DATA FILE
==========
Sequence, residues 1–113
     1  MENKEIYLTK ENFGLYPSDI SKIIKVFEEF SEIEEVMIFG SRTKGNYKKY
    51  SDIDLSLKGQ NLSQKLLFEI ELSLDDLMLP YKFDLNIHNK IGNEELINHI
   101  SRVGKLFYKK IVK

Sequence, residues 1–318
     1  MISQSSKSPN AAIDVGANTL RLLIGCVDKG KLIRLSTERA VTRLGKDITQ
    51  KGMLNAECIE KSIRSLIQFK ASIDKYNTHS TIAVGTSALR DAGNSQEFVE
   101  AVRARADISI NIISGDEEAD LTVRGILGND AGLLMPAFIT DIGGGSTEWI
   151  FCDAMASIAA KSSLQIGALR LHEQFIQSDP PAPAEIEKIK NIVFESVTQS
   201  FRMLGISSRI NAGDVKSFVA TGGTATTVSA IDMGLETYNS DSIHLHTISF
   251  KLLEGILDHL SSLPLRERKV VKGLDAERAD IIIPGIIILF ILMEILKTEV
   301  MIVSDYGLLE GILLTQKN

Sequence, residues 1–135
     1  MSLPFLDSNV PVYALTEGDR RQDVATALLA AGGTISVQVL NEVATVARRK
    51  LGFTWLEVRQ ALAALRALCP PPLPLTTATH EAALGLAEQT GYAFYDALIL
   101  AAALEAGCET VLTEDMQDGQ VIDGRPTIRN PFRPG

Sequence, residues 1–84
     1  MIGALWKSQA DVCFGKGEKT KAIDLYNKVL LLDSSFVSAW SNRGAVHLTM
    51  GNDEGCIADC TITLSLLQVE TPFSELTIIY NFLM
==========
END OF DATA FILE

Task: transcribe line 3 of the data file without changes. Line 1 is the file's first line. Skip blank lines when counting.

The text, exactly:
    51  SDIDLSLKGQ NLSQKLLFEI ELSLDDLMLP YKFDLNIHNK IGNEELINHI